Readers of The Right Stuff long knew that founder "Mike Enoch" had two main interests: technology and white supremacy. Posts on the neo-Nazi site have included discussion of "a new blogging platform built on node.js," while other less techie content has alluded to the "chimpout" in Ferguson, putting Jews in ovens, and Trump's "top-tier troll" of Jews on Holocaust Remembrance Day.
In January, Enoch was outed as Mike Peinovich, a Manhattan-based software engineer. His unmasking highlighted a lingering question about the racist far-right movement that rose to prominence with Donald Trump's election: What support might the so-called alt-right have among techies?
Ever since I began investigating the extremist groups lining up behind Trump last spring, several of their leaders have made big claims to me about an alt-right following in Silicon Valley and across the broader tech industry. "The average alt-right-ist is probably a 28-year-old tech-savvy guy working in IT," white nationalist Richard Spencer insisted when I interviewed him a few weeks before the election. "I have seen so many people like that." Andrew Anglin, the publisher of the neo-Nazi Daily Stormer, told me he gets donations from Silicon Valley, and that Santa Clara County, home to Apple and Intel, is his site's largest traffic source. Chuck Johnson, the publisher of the conspiracy-mongering site Got News, said he gets lots of page views from the San Francisco Bay Area.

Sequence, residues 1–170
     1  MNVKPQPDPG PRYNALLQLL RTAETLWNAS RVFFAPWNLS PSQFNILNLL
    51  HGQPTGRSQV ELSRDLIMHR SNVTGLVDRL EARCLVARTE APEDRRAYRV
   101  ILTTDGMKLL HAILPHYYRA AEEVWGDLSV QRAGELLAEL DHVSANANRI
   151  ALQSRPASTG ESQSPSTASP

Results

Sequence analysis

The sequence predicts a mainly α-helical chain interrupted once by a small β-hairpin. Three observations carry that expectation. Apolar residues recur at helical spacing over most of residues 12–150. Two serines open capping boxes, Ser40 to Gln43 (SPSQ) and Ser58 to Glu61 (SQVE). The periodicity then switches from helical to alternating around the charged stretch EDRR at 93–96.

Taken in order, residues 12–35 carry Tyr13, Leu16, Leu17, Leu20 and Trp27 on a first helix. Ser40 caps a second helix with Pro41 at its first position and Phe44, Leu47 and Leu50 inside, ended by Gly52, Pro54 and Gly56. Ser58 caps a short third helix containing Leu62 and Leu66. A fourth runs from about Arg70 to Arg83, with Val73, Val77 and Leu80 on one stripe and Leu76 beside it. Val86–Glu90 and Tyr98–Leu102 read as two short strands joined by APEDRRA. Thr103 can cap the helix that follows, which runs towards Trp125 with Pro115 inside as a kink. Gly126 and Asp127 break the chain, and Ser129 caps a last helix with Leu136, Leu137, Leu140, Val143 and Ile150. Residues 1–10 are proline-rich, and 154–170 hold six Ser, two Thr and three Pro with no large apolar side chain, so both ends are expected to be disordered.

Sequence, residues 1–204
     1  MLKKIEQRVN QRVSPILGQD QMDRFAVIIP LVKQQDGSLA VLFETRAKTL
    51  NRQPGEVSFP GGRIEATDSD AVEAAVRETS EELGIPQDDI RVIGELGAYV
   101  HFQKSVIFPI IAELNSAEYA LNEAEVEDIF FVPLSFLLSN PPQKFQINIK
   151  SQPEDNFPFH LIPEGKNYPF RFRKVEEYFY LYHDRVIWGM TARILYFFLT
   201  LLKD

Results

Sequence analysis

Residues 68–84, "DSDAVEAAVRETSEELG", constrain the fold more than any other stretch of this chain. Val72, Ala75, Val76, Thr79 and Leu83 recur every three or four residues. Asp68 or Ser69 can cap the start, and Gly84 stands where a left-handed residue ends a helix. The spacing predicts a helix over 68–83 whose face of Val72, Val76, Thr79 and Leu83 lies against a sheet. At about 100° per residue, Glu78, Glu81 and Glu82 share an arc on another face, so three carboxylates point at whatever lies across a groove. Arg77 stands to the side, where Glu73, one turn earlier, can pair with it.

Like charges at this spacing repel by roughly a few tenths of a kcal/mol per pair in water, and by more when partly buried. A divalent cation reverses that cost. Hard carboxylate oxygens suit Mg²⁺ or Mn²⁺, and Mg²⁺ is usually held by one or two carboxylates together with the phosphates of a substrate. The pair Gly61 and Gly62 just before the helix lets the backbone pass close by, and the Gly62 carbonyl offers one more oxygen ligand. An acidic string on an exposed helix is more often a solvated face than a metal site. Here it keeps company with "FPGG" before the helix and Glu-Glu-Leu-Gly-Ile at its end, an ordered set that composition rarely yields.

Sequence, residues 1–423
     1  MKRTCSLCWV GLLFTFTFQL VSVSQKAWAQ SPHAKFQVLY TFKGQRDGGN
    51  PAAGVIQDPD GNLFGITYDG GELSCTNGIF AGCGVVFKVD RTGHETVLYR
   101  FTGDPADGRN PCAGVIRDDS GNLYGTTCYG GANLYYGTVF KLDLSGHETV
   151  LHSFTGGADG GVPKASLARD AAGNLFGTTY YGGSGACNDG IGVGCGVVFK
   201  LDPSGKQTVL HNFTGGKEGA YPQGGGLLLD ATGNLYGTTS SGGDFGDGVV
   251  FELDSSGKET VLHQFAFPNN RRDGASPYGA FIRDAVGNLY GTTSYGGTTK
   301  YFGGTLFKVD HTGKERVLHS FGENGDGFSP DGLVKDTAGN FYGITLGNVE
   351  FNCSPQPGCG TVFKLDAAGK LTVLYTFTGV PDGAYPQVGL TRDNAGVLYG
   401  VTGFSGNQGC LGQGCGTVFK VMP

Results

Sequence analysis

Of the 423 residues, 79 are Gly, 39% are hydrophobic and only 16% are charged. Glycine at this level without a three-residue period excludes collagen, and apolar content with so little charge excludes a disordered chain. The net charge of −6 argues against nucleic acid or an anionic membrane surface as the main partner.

After Peinovich was outed, he also insisted to me that many techies secretly identify with the alt-right, which he attributed to a backlash against the "corporate feminist and diversity agenda" of tech companies. "The fact that speaking up about this virtually guarantees career and social suicide, as in my case, shows why so many white males in tech would be attracted to the alt-right."
None of these alt-right figures would provide any data to support their claims. As I've reported, some alt-right sites have wildly overstated their reach. Moreover, the tech industry is renowned for its globalist outlook: Public-opinion surveys conducted by a Stanford political economist have found that rank-and-file workers in Silicon Valley exhibit less racial resentment and more favorable views toward most forms of immigration than average Americans.
Nonetheless, "alt-techies," as Spencer and others call them, do appear to play a role in a movement that first incubated in the backwaters of the internet and eventually spread online with the rise of Trump. Some heroes of the far right are associated with tech: They include former Breitbart News "tech editor" Milo Yiannopoulos; the infamous neo-Nazi hacker Andrew Auernheimer (a.k.a. Weev); and the video gaming vlogger Felix Arvid Ulf Kjellberg, whose "Pewdiepie" YouTube channel featuring Nazi-themed jokes has 54 million subscribers. (Last month Kjellberg apologized for the jokes and said he is not a Nazi.)